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General Information: The Glen Alpine trail is a popular gateway to Desolation Wilderness. Located at the end of Fallen Leaf Lake Road, Glen Alpine provided access to some of Desolation's nicest lakes including, Gilmore, Susie, Heather, Half Moon, and of course, Lake Aloha. In addition, it is often used to start a Mt. Tallac ascent. For more information on climbing Mt. Tallac and other Tahoe peaks, see our Peak Climbing page.

Where To Start: Fallen Leaf Lake Road is located off highway 89 about 3 miles north of the "Y" in South Lake Tahoe. Driving north on 89 watch for a brown sign after Camp Rich that says, "Fallen Leaf Lake" . Turn left onto Fallen

Leaf Lake Rd. and follow it for 5 miles all the way past the marina, turning left onto an even narrower road at the new Fallen Leaf Lake Fire Station. Follow this single lane road past the falls and finally to the Glen Alpine parking lot.

Trail Description: After filling out a wilderness permit, start hiking up a dirt and gravel road past old summer homes. After about a mile, the road turns into a single-track trail that winds its way, sometimes steeply, up the rocky landscape. Along the way, you have open views of pristine wilderness where rock, wind, water, and glaciers have conspired to form some magnificent scenery. Cracked Crag juts its dark, crumling bulk of stone and rock high above the surrounding wilderness with bits and pieces of trees trying to maintain their tenuous foothold in this harsh environment.

The trees thin out the higher you go and after another 2 miles of steady climbing, the trail splits. To the right are Gilmore and Half Moon Lake as well as Mt. Tallac, while the left trail leads to Susie, Heather, and Aloha Lakes.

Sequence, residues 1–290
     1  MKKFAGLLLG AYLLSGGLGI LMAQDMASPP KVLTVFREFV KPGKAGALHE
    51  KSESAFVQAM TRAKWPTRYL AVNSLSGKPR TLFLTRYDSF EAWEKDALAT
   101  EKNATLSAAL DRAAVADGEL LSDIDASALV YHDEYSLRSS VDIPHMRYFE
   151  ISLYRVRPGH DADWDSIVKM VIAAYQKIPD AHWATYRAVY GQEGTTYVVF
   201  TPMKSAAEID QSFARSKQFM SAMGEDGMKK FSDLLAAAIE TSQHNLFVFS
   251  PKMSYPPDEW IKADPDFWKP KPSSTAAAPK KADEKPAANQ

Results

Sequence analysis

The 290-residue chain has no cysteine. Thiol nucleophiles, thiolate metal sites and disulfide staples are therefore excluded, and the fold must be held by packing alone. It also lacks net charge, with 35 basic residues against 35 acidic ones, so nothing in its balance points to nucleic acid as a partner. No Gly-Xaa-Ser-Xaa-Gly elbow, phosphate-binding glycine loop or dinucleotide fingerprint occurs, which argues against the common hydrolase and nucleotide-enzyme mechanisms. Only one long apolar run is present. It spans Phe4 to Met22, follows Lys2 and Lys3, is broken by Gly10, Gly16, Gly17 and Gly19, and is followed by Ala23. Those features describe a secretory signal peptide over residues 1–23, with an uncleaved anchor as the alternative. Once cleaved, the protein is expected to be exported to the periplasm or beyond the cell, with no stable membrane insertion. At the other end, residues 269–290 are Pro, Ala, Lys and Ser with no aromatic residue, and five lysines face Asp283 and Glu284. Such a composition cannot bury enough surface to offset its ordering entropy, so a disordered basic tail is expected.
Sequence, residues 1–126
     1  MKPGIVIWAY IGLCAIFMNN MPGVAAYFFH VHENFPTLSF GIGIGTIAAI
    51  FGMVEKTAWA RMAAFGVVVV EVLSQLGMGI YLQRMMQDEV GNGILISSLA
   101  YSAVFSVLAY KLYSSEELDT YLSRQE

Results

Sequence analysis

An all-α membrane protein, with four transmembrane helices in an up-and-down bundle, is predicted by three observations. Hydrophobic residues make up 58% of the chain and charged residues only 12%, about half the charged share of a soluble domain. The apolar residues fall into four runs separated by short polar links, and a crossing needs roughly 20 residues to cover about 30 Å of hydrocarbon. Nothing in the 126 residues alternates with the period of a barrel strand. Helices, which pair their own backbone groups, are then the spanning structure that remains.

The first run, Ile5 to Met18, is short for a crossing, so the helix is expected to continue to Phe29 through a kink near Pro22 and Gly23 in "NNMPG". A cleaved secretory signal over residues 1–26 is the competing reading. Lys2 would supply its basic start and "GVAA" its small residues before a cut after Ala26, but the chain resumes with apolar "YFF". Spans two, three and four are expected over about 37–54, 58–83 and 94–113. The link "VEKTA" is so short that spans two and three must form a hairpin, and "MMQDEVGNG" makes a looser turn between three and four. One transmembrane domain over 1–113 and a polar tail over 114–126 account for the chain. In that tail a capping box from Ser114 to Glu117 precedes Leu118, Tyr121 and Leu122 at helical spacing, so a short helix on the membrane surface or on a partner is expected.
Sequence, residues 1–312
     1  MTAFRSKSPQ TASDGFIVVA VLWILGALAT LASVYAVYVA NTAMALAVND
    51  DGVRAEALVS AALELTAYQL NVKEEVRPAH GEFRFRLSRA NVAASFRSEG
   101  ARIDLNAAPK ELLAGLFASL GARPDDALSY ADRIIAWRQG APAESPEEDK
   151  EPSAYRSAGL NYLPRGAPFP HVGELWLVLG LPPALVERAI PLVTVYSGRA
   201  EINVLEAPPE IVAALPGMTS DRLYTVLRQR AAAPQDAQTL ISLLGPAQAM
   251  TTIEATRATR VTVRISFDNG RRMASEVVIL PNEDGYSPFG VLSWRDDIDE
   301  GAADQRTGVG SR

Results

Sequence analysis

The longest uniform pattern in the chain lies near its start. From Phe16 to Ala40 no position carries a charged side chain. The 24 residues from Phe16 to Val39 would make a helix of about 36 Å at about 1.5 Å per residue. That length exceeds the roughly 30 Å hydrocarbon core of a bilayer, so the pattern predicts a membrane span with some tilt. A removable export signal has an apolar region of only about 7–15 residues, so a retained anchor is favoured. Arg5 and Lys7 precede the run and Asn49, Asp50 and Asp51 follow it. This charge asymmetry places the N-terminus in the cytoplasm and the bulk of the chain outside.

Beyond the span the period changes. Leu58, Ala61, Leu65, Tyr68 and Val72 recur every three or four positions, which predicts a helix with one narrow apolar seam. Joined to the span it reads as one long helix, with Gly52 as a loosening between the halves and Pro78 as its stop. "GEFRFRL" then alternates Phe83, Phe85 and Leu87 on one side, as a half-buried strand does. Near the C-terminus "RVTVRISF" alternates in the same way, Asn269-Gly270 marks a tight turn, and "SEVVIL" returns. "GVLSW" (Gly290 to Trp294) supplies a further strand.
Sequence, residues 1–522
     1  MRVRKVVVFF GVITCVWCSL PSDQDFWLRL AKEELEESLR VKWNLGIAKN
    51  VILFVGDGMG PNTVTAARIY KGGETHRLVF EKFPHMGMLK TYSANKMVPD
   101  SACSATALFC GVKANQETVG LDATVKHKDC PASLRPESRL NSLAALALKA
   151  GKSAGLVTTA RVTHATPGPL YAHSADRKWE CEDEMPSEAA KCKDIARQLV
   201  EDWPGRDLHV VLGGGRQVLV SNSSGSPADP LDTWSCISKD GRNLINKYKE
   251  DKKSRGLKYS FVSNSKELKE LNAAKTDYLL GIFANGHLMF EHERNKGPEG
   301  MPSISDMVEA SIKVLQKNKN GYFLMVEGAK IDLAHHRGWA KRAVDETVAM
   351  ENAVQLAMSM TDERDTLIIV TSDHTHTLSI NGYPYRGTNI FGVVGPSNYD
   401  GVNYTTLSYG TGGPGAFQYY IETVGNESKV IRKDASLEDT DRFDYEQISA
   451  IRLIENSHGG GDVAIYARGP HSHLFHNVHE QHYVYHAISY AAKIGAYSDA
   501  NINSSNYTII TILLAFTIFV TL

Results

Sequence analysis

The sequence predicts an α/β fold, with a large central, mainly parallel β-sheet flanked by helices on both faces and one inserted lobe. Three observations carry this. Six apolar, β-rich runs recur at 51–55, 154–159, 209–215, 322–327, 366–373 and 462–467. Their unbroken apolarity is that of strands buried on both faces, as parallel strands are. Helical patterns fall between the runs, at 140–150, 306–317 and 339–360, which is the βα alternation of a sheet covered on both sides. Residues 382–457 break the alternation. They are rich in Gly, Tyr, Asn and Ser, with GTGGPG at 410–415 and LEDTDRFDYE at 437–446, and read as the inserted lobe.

Gilmore Lake: Gilmore is one of our favorite Desolation lakes. A deep, round, glacial lake, surrounded by forest, Gilmore is set in a depression on the back side of Mt. Tallac and offers wonderful fishing, serene forest, and flat, comfortable camping. The wind, which often blows 30 - 50 MPH on top of Tallac just 2 miles away, scours the trees over-head making them sing and dance, yet on the ground, it stays remarkably calm. From the trail split mentioned above, Gilmore is just over 1 additional mile of steady climbing. The total distance from the trailhead is about 4.5 miles and involves 1900' of climbing.

Half Moon Lake: Half Moon Lake is much less visited than the other lakes discussed on this page, primarily due to its extra distance and the fact that there is no through trail. Set in the cirque of Dicks and Jacks Peaks, Half Moon Lake offers high alpine beauty to those who like the stark, rocky environment of Desolation. Half Moon Lake is close to 6 miles from and 1500' higher than the Glen Alpine trailhead. This is not a beginner hike or backpack.

Susie & Heather Lakes: From the Gilmore/Susie trail split, Susie Lake is only about 1 mile further over gently rising and falling rocky, broken terrain. Heather Lake is 1.5 miles further still. Both Susie and Heather Lakes are classic alpine lakes surrounded by rocky peaks with scattered forest cover along some of the shoreline. Both offer flat, but exposed campsites. From the trailhead, Susie and Heather are 4.5 and 6 miles, respectively with elevation gains of about 1400'.

Lake Aloha: From the Glen Alpine trailhead, Lake Aloha is 6.5 miles with 1600' of elevation gain. The trail is varied and interesting, but seems longer than 6.5 miles so be sure to include extra time. Lake Aloha is a shallow, island filled lake in an otherwise barren alpine environment with an almost surreal feel. At times, the remoteness, the treeless landscape, the high surrounding peaks of the Crystal Range, and a howling wind can chill the blood of even experienced back-country travelers. It is perhaps the centerpiece of the Desolation Wilderness and deserves a visit if you have the time, experience, and energy.

Environmental Concerns: No trash service here...please pack it out. Always stay 100 yards away from lakes and streams to go to the bathroom. Campsites must be 100 feet from lakes and streams and wood fires are prohibited anywhere in Desolation Wilderness.

Advisory: All water from streams and lakes in Desolation Wilderness is suspect and should be treated or filtered. Giardia, our resident micro-parasite, is a bad-actor that you do not want to get to know!

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